Towel
Step
1
Avoid loud noises
Try not to use things like hair dryers, as they can startle your dog too much. Use soft towels and just take the extra time necessary to soak up as much water from her coat as possible. Try to use clippers that are quieter as well, to avoid using anything that can be too noisy when it’s close to your dog’s ears.
Step
2
Keep sessions short
Try to keep each portion of the groom down to the least amount of time as possible. Drawing out long sessions may only serve to build up anxiety and nervousness as you progress. The quicker you can move through the process, the better.
Step
3
Use calming agents
There are some natural remedies or things like pheromone releasing collars that can help ease anxiety in your dog before you begin your groom. Do plenty of research and ask a veterinarian about the best options for your dog’s anxiety level.
Step
4
Offer plenty of affection
Throughout the process, don’t hesitate to offer plenty of pets, verbal praise, and comfort as needed! Your dog may need to know that you’re still there to keep her safe and comfortable, so use the opportunity to bond with her in a variety of ways. Your voice may have a calming effect as well.
Step
5
Use a muzzle if necessary
For dogs that are prone to biting or nipping out of fear, look into purchasing a cloth grooming muzzle that can fit over your dog’s snout temporarily while you groom her. These are not meant to be worn for long periods of time, so keep the use as limited as possible. Always remove the muzzle as soon as the grooming is finished.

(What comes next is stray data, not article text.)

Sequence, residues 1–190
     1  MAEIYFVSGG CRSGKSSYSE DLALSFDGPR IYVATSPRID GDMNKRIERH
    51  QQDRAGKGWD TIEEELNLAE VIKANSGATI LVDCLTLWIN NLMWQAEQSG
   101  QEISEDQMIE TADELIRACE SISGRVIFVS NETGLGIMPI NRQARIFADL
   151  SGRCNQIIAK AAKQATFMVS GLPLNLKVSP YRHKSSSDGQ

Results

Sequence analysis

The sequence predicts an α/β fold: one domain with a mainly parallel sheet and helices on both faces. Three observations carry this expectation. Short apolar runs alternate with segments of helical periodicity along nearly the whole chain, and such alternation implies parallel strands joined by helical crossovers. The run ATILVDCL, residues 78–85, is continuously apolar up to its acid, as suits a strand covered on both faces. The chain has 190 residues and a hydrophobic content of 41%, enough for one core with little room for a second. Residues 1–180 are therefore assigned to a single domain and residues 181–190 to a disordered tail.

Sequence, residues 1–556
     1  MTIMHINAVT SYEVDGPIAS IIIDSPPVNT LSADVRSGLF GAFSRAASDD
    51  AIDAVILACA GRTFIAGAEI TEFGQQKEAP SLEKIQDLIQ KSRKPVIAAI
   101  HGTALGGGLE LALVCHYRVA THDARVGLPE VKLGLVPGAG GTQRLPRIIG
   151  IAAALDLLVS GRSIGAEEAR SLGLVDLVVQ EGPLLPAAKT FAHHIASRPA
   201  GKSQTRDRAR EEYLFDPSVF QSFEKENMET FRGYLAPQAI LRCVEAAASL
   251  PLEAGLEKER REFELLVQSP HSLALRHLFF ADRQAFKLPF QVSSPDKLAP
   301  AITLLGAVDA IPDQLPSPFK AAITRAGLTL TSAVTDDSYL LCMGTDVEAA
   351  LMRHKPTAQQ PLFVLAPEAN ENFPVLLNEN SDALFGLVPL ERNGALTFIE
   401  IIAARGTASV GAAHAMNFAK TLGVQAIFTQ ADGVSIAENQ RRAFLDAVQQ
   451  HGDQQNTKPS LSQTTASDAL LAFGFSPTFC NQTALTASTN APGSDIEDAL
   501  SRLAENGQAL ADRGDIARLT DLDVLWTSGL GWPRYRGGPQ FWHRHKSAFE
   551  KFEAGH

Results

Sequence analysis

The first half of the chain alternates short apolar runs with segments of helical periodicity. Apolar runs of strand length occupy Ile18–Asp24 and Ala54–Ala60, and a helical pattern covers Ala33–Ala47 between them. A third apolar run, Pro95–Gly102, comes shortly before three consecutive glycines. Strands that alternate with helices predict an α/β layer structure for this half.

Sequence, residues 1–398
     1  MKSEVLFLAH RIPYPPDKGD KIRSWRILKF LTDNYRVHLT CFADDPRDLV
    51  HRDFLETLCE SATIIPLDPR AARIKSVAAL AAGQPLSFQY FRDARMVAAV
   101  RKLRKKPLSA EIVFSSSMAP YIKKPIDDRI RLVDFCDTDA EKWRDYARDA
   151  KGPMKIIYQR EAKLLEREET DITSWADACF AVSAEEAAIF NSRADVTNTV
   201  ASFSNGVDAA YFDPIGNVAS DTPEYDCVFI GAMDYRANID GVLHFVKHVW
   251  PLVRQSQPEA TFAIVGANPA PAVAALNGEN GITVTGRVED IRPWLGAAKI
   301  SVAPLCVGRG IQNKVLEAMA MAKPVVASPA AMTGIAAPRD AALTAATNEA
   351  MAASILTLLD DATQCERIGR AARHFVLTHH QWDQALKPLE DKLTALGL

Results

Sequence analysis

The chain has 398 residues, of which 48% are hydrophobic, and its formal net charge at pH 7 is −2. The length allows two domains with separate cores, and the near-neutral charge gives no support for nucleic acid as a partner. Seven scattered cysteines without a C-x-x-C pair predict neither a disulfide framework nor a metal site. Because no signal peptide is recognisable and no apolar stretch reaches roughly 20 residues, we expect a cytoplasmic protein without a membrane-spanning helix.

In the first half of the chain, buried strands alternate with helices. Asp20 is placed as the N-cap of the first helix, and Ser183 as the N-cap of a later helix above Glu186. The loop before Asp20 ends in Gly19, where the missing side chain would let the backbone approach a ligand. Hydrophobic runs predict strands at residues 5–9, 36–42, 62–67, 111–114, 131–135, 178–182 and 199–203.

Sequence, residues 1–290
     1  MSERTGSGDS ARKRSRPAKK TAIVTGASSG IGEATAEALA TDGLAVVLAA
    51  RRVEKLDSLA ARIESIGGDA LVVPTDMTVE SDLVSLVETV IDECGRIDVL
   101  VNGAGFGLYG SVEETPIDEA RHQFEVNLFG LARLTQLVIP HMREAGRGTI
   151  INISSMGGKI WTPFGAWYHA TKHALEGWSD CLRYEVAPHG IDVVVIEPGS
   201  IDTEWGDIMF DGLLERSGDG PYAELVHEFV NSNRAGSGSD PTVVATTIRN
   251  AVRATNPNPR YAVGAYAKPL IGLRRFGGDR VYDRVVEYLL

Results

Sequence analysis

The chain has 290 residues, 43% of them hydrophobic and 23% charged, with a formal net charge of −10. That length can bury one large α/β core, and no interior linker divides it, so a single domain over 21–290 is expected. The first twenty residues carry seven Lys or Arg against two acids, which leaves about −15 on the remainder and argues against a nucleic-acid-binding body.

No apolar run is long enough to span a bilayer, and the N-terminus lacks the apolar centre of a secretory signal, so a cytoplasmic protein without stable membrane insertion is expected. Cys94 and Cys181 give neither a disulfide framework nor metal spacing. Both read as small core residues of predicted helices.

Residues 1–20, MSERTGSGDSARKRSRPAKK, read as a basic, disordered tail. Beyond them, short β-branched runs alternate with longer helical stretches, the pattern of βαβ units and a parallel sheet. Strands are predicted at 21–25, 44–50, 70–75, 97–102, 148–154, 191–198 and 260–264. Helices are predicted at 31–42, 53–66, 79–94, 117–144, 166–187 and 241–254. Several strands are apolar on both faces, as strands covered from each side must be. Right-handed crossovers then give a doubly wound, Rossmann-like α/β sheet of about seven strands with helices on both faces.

Recommend grooming method?

Caution & Considerations

  • Have a veterinarian check your dog for any lingering health issues that may be affecting his anxiety and comfort during grooming sessions.
  • Consider having another member of the family help you with grooming if your dog is larger or harder to handle due to his anxiety.
  • Keep your dog on a leash to prevent the possibility of him leaping off of a table or running away from you while you are working.
  • If your dog is biting or snapping at you or the groomer, a sedative may be necessary to prevent any injury. Always consult a veterinarian before purchasing or using any type of drug or sedative on your dog! 
  • If all else fails, consider taking your dog to a professional groomer who has experience with nervous, anxious, or fearful animals. These professionals may know best how to groom your dog without causing him stress.

Conclusion

While some dogs can get away with a quick bath and brush, some others may need some extensive clipping and cutting in order to stay trimmed and free of mats or tangles. Either way, grooming should be an essential part of any dog’s routine and it should be something that is quick and painless. You may need to work extensively on helping your dog conquer his fears, but a little patience and understanding can go a long way to providing reassurance.

Success Stories and Grooming Questions